So how did we get access to one of the world’s most popular books?  The answer is simply down to the insightfulness of her great niece Rowena Stott; who in 1977 (when she herself was an art student,) showed the family’s most treasured pages to a publisher.  Seeing the potential of the chronological recordings of the flora and fauna in Edwardian England, it was published in its facsimile form, and has been translated into thirteen different languages; it remains number four in the world’s most popular book list of the last forty years.

In 1984 a twelve-part mini-series was broadcast on television charting her life; and she is as popular today as she ever was – her illustrations are currently being used in adult colouring books, as well as inspirational designs for the home including wallpaper, napkins, and crockery.   A leading high-street store still holds the longest continually running licence certificate to produce its annual ladies diary, based on her original works, with quotes and poems and mottos.

If Edith were alive today what would she think of the countryside now?  How many of the two-hundred and fifteen plants or seventy-six bird species she documented are around to record now?

illustration inside book by cover of the book by edith holden

When did you last see a Bee Orchid?   According to the Woodland Trust, they are common in marshland and native to coastal regions of Wales; you can probably name several flowers in the hedgerow, but can you identify them all?   There are native plants including clover, dead nettle and thistle in our gardens; there are many pretty weeds too; what are their names?

illustration inside book by cover of the book by edith holdenThere are numerous reports available suggesting that adults and children don’t spend as much time in the outdoors as they should; however, there are also a number of bodies trying to redress the balance; Natural Resources England/Wales and Scotland, have a wealth of information on things to do in the countryside, as does the Woodland Trust and Citizen Scientist too.   You can also access the Government’s website that lists all of the currently endangered plant and animal species in the UK – and important advice on legislation when it comes to protecting them.

One innovative American charity, accessible to all online, entitled Children and Nature encourages youngsters to keep a year’s worth of drawings, photographs and notes on what they see in the of the natural world starting in their own backyard.   Imagine what the results might be.  Closer to home the Facebook group 30 Days Wild encourages everybody to send in a daily update of wildlife in their area.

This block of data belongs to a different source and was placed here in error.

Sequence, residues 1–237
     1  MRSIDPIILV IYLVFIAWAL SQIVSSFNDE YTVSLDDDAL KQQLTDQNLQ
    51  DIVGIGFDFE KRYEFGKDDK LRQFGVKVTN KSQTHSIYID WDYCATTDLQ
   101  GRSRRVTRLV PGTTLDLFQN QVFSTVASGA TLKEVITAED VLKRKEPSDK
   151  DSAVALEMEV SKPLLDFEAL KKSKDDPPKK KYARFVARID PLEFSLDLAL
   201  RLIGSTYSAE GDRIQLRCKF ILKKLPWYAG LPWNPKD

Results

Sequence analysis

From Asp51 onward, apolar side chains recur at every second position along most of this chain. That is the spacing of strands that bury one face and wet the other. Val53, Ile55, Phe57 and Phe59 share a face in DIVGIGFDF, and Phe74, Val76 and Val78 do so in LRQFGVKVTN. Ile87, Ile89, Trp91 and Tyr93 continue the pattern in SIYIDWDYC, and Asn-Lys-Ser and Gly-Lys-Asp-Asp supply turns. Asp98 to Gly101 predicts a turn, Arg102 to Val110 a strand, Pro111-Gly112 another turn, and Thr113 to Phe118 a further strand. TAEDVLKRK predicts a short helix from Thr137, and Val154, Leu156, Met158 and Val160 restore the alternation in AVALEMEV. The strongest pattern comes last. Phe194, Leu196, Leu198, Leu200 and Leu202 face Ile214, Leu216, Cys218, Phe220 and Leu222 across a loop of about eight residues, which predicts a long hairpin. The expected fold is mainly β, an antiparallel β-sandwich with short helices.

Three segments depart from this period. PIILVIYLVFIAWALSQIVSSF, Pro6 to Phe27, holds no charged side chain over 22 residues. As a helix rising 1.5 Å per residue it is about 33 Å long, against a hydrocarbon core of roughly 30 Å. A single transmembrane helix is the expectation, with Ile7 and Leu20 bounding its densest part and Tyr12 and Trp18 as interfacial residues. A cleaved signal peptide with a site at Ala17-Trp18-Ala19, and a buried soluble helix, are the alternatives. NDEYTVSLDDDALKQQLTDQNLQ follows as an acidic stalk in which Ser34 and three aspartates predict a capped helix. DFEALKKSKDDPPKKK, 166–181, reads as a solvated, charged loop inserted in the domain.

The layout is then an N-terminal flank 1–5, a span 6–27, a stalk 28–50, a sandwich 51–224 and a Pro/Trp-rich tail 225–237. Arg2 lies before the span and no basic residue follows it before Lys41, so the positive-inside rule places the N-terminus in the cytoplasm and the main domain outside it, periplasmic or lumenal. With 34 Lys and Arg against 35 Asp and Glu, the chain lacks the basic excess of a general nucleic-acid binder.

Possibly record a journal yourself; because who knows, just like the unassuming Edith Holden, in forty years’ time, your memoires could be important too!

 

 

 

© Amanda Jane Davies 2017.  A.449davies@btinernet.com

September in Pembrokshire

Welcome Everyone,

As you know from previous September blogs I love this month. I love the last of the warm sunny days, before the transformation of of Autumn, with its crisp mornings, wood-smoke, and crunchy colourful leaves.

Though this September has not been the gloriously warm and sunny days it usually is here in Pembrokeshire. Instead we have had muggy, mild and wet days. Perfect blight inducing days – yet surprisingly I haven’t had blight in the greenhouses yet.

I feel so privileged to be able to be able to go out in the greenhouses this September – such a change from last year when I was fighting for my life. I genuinely believe that gardening and writing got me through one of the most stressful and scariest parts of my life.

Amanda's various seed packets - September 17

So many seeds to sow!

So what’s been happening in my greenhouses? Plenty! I don’t really know where to start. Last month I asked for suggestions for naming the greenhouses; unfortunately no one has given me any so I’ll just have to name them myself. So in “The Office” (little greenhouse) I have been busy sowing and transplanting many many seeds. I am sure my staging is more abundant with plants now than it was in the spring. It seems to me that putting the red LED string lights in there is helping the seeds to germinate quicker. They seem to react to the lights which come on at dusk. These lights were less than £3 for 50 bulbs from a high street value store. They run by solar power and on really sunny days the charge lasts until dawn.

Amanda's blog for September 17 - seedlings and cold frame

Seedlings and Hardening off